Griggs v. Provident Consumer Discount Co., 680 F.2d 927, 929 n.2 (3d Cir. 1982). Because our analysis of Rule 4(a)(4) conflicted with decisions in other circuits,*fn1 and the language and purposes of the 1979 Amendments to the Federal Rules of Appellate Procedure, the Supreme Court granted the Griggses' petition for writ of certiorari.


Rule 4(a)(4) of the Federal Rules of Appellate Procedure states in pertinent part:

A notice of appeal filed before the disposition of any [Fed. R. Civ. P. 59] motions shall have no effect.

Nonetheless, since 1975, this court, pursuant to its discretionary authority under Fed. R. App. P. 2, has waived the conceded defects of a premature notice of appeal unless the appellee can demonstrate prejudice resulting from such filing.*fn2

In reversing our decision on this ground, the Supreme Court emphasized the generally understood proposition that a federal district court and a federal court of appeals should not attempt to assert jurisdiction over a case simultaneously. Griggs v. Provident Consumer Discount Co., 459 U.S. 56, 103 S. Ct. 400, 74 L. Ed. 2d 225, 51 U.S.L.W. 3413 (1982) (per curiam). Prior to the 1979 Amendments, it was "tolerable" for the district court to retain jurisdiction to decide post-trial motions while the court of appeals considered appellant's notice of appeal because the district courts did not automatically inform the courts of appeals when a notice of appeal had been filed. The Court explained the importance of the post-1979 procedures as follows:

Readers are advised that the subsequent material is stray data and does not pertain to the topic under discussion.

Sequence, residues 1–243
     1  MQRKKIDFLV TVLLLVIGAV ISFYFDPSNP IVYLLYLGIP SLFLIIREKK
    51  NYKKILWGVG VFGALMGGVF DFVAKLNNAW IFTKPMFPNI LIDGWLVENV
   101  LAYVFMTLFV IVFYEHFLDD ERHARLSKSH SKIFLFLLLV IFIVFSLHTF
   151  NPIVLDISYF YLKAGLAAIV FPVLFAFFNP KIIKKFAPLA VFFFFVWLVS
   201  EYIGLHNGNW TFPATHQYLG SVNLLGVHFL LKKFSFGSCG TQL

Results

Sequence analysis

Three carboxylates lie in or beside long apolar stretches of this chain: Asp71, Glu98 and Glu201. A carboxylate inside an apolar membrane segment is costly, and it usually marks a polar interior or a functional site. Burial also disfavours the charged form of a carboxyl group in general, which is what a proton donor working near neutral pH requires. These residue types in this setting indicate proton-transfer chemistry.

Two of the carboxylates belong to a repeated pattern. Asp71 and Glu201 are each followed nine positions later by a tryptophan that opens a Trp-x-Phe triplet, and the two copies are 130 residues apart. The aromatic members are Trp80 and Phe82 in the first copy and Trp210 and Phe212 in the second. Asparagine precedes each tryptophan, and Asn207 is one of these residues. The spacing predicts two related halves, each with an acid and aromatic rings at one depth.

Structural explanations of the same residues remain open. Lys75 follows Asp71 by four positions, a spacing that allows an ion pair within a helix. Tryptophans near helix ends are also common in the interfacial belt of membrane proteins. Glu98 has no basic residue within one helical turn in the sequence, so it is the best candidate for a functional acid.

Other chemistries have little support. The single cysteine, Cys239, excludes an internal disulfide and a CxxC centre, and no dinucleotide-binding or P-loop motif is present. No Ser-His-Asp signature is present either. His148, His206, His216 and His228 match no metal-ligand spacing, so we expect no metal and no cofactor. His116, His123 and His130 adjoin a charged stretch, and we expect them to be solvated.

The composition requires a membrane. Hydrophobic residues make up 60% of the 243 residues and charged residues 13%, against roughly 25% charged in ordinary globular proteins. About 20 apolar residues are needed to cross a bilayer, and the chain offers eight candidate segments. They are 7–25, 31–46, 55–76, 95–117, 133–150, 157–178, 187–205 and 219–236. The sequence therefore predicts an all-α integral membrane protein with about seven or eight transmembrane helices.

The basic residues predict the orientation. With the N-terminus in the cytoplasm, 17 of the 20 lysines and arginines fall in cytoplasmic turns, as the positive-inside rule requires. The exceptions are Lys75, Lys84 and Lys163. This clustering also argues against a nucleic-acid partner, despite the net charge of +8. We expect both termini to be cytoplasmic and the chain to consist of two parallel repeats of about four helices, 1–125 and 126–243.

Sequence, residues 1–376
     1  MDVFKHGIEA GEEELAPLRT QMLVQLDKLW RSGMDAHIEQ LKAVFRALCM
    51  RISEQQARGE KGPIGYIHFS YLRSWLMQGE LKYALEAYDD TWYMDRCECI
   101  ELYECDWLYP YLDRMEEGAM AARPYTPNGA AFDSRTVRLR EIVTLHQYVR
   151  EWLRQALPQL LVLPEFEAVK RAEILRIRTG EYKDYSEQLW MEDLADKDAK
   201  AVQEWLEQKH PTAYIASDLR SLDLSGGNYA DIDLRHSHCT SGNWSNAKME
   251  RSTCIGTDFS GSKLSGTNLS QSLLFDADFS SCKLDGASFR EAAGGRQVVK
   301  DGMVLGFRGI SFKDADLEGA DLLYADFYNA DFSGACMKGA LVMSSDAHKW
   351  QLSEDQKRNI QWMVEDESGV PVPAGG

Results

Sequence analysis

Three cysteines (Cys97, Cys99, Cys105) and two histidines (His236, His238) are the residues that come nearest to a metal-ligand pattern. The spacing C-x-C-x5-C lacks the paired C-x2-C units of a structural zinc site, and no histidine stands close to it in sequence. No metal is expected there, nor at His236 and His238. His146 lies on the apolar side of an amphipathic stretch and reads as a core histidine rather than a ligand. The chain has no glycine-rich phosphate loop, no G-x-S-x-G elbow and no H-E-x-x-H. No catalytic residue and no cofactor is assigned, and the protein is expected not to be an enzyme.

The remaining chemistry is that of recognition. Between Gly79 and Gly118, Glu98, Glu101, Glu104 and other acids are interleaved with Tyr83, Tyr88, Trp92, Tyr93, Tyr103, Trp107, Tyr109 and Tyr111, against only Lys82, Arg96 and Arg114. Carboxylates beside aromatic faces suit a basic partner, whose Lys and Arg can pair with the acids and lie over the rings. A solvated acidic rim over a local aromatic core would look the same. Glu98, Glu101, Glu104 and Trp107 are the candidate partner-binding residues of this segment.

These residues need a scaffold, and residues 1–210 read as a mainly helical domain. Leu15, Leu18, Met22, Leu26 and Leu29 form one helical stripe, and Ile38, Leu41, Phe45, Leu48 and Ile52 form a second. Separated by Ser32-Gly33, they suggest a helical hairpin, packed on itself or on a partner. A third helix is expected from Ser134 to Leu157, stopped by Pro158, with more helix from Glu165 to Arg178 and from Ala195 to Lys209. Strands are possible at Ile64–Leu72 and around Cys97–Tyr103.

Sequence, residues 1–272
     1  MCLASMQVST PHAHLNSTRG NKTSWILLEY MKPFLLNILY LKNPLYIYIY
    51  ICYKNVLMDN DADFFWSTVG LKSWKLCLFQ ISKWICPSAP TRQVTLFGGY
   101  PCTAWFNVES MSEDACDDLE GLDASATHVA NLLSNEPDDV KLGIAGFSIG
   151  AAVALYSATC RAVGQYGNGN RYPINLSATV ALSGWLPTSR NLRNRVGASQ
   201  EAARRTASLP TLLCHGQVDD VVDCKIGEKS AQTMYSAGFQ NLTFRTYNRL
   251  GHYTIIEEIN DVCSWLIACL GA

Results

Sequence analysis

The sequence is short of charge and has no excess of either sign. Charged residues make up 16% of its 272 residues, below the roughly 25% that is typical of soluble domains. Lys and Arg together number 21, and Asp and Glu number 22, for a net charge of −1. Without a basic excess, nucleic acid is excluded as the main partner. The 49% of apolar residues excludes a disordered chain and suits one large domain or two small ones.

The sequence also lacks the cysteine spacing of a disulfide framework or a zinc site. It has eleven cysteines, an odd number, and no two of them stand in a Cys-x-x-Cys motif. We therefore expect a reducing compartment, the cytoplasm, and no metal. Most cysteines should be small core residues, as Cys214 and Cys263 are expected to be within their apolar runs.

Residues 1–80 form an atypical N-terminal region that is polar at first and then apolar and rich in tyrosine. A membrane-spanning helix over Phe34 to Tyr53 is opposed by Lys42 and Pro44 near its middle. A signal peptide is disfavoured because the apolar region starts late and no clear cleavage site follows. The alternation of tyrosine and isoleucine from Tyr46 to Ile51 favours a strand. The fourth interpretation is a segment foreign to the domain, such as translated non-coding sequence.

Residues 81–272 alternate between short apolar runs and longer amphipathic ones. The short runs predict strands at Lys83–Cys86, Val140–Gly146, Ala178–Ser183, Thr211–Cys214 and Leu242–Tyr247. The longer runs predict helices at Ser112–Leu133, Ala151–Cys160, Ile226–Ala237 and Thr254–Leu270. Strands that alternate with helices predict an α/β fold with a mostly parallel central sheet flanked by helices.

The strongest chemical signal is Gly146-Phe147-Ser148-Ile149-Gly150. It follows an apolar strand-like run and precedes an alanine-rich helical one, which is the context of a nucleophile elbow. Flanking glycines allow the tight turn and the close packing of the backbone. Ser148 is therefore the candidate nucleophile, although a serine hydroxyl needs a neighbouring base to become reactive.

In 1979, the Rules were amended to clarify both the litigants' timetable and the courts' respective jurisdictions. The new requirement that a district court "transmit forthwith" any valid notice of appeal to the court of appeals advanced the time when that court could begin processing an appeal. Fed. Rule App. Proc. 3(d). At the same time, in order to prevent unnecessary appellate review, the district court was given express authority to entertain a timely motion to alter or amend the judgment under Rule 59, even after a notice of appeal had been filed. Fed. Rule App. Proc. 4(a)(4). If these had been the only changes, the theoretical inconsistency noted above would have suddenly taken on practical significance. A broad class of situations would have been created in which district courts and courts of appeals would both have had the power to modify the same judgment. The 1979 Amendments avoided that potential conflict by depriving the courts of appeals of jurisdiction in such situations.

459 U.S. 56, 59, 103 S. Ct. 400, 74 L. Ed. 2d 225, 51 U.S.L.W. at 3414. See also 9 J. Moore, B. Ward & J. Lucas, Moore's Federal Practice para. 204.12[1], at 4-65 n.17 (2d ed. 1982) (post-1979 effect of a Rule 59 motion on a previously filed notice of appeal: "The appeal simply self-destructs."); 16 C. Wright, A. Miller, & E. Cooper, E. Grossman, Federal Practice and Procedure § 3950 (1982 Supp.) (a subsequent notice of appeal is also ineffective if it is filed while a timely Rule 59 motion is still pending).


As directed by the Supreme Court mandate, we conclude that our judgment must be vacated and Provident's appeal dismissed for lack of appellate jurisdiction.